Saturday, December 15, 2001
M A I N   F E A T U R E


The inimitable Dadamoni

Devinder Bir Kaur pays a tribute to the Grand Old Man of the Silver Screen. For a man who was reluctant to become an actor, Ashok Kumar went on to give memorable and sensitive portrayals in a career that spanned seven decades.

ASHOK KUMAR. The name has now passed into the history of Hindi cinema as a legend. And to think he never wanted to be an actor! But it is virtually impossible to imagine Hindi films without Ashok Kumar. He was as inseparable a part of the Silver Screen as air is to breathing. For the Grand Old Man of Hindi cinema had been around 70 years out of the 100 years of the Hindi film industry.

Even so, the fact remains that Ashok Kumar never wanted to be an actor. He had never in his life spelt ACTING. He had come to Bombay to become a director. Those days actors were really looked down upon. It was said that actors came from the lowest strata of society. They were thought to be pimps or prostitutes and he did not want to be associated with them. So he joined Bombay Talkies as a technician and learnt the fundamental techniques of film-making. Later, he was made a lab assistant.

 


Dadamoni, as Ashok Kumar was fondly called by the industry folk, became an actor by fluke. Apparently, the leading man of the film Jeevan Naiya had fallen ill. Himanshu Rai, its producer, pleaded with him to step in. But Ashok Kumar was not interested. He told him what he thought of actors. Himanshu told him he could change all that. His own wife, Devika Rani, was Rabindranath Tagoreís granddaughter. In fact, everyone who worked with him belonged to decent families. Finally, Ashok Kumar was convinced and agreed to do this one film and no more.


Scenes from Ashok Kumarís films: (From Top) Howrah Bridge, Gumrah and Kanoon

Strangely, while Himanshu had faith in Ashok Kumar, the German director of the film, Franz Osten, took one look at him and declared that he would never make it as an actor. He didnít like his jaw, saying it was too weak. Ashok was indignant and said who wanted to be an actor anyway. Himanshu pacified him and convinced Osten that Ashok was the right choice. "Indeed, for someone who was nearly shown the door, Iíve done fairly well ", Dadamoni commented years later.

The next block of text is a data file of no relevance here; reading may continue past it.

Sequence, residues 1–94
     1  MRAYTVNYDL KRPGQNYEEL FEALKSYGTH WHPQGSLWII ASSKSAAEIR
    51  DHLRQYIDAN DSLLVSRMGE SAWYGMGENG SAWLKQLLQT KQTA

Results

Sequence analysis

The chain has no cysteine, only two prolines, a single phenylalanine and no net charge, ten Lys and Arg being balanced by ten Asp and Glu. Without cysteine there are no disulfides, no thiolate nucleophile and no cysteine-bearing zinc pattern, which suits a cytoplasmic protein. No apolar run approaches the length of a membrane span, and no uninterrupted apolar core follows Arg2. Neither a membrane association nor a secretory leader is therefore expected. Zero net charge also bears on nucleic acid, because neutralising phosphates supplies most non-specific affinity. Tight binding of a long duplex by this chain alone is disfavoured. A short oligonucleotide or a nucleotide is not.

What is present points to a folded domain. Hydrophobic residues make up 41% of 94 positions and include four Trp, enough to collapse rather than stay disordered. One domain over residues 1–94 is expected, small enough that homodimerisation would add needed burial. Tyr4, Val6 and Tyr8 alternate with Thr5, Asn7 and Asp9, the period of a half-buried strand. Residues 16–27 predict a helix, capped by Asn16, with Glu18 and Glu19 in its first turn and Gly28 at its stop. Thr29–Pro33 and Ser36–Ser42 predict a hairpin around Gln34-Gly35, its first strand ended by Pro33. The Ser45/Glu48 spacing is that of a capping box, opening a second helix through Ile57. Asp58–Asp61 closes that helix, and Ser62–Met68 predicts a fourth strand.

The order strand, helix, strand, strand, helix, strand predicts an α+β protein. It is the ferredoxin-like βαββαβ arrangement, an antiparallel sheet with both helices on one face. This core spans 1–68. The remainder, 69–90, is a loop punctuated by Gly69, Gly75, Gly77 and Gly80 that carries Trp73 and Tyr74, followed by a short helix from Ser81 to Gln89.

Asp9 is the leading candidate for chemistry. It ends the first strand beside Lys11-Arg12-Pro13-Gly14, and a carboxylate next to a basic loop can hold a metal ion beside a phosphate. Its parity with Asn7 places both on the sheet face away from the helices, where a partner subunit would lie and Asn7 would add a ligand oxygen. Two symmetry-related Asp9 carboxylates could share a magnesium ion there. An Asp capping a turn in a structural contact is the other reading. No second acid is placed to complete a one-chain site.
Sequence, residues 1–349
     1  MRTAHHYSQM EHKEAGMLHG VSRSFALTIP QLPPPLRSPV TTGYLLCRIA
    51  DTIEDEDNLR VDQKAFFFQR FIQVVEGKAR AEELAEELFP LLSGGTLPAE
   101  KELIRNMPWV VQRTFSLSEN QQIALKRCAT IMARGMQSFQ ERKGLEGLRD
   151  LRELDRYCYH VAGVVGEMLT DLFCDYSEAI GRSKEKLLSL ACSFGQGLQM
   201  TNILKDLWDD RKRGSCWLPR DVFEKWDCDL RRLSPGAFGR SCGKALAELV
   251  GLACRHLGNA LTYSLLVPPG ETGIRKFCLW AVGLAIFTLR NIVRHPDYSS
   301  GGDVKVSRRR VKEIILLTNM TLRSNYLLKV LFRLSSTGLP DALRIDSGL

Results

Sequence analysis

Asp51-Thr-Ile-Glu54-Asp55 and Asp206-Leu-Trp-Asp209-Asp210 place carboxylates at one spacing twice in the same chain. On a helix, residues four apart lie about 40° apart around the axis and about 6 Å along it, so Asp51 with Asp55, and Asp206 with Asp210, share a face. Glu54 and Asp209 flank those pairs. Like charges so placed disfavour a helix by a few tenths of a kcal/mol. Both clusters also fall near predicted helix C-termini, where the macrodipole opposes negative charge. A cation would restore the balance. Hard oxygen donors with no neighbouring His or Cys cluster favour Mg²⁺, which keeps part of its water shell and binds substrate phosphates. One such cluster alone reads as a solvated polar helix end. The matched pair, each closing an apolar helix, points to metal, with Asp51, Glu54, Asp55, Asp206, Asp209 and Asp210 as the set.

Jeevan Naiya changed the course of Ashok Kumarís life. The success of the film led to him being coaxed into doing one more film, and one more, and one more.... Himanshu convinced him to do Achhut Kanya. The film was a hit and there was no looking back. More Bombay Talkies hits Izzat, Savitri, Nirmala, Bandhan, Prem Kahani and Janambhoomi followed and sent the affable singer-actor shooting towards superstardom.

His rise to fame, however, disturbed his parents no end. His mother feared that he would fall into bad ways and no decent girl would marry him. And many families did turn him down. Ashokís father rushed to Nagpur and met the then Chief Minister, Ravi Shankar Shukla, who was his college friend. He asked him if he could give his son a job. The CM offered two ó one as Chairman of the Income Tax Department, and second as a postal inspector. Ashokís father showed the two appointment letters to Himanshu Rai saying his son had a bright future outside films. But Himanshu convinced him that Ashokís future lay in films. So finally his father left him in Himanshuís care.

In the meantime, Ashokís mother arranged his marriage. He didnít even see his wife before the wedding, yet they went on to complete nearly 50 years of married life. Ashok Kumarís wife, Shobha, died just two days before their golden wedding anniversary.

In his early films, Ashok Kumar played a nice but callow and timid youth who bowed before the elders and tradition. But Kismet changed the image of the "ideal son" drastically. Now, Ashok Kumar was the smooth-talking, chain-smoking "criminal" hero who conducted his affairs, including those of the heart, on his own terms. He seemed to appeal to the audiences who saw him break the law and fool the British police. They loved him even as a thief. Kismet was heavily influenced by Francis Marianís book Screenplay Writing. The chart-busting success of Kismet put Ashok Kumar on the top-rung of stardom. In fact, Kismet ran for an unprecedented 187 weeks, a box-office record which was later broken by Sholay and now recently by Dilwale Dulhaniya Le Jayenge.

But after Kismet, the Bombay Talkies team disintegrated. Himanshu Rai died and Devika Rani took charge. She got the director Sashadhar Mukherjee replaced by an outsider. This hurt the team members and they all left. (Sashadhar Mukherjee was married to Ashok Kumarís sister. Her granddaughter is present-day actress Kajol).

Some years later, Devika Rani left, leaving Bombay Talkies in a financial mess. Ashok Kumar and his teammates bought Bombay Talkies and produced Majboor, Mahal, Mashaal, Ziddi etc. But they could not save Bombay Talkies eventually and it closed down.